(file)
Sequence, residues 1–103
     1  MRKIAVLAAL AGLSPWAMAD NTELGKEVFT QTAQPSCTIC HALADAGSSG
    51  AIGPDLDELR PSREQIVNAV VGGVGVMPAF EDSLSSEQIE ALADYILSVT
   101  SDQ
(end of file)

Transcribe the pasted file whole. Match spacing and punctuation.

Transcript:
Sequence, residues 1–103
     1  MRKIAVLAAL AGLSPWAMAD NTELGKEVFT QTAQPSCTIC HALADAGSSG
    51  AIGPDLDELR PSREQIVNAV VGGVGVMPAF EDSLSSEQIE ALADYILSVT
   101  SDQ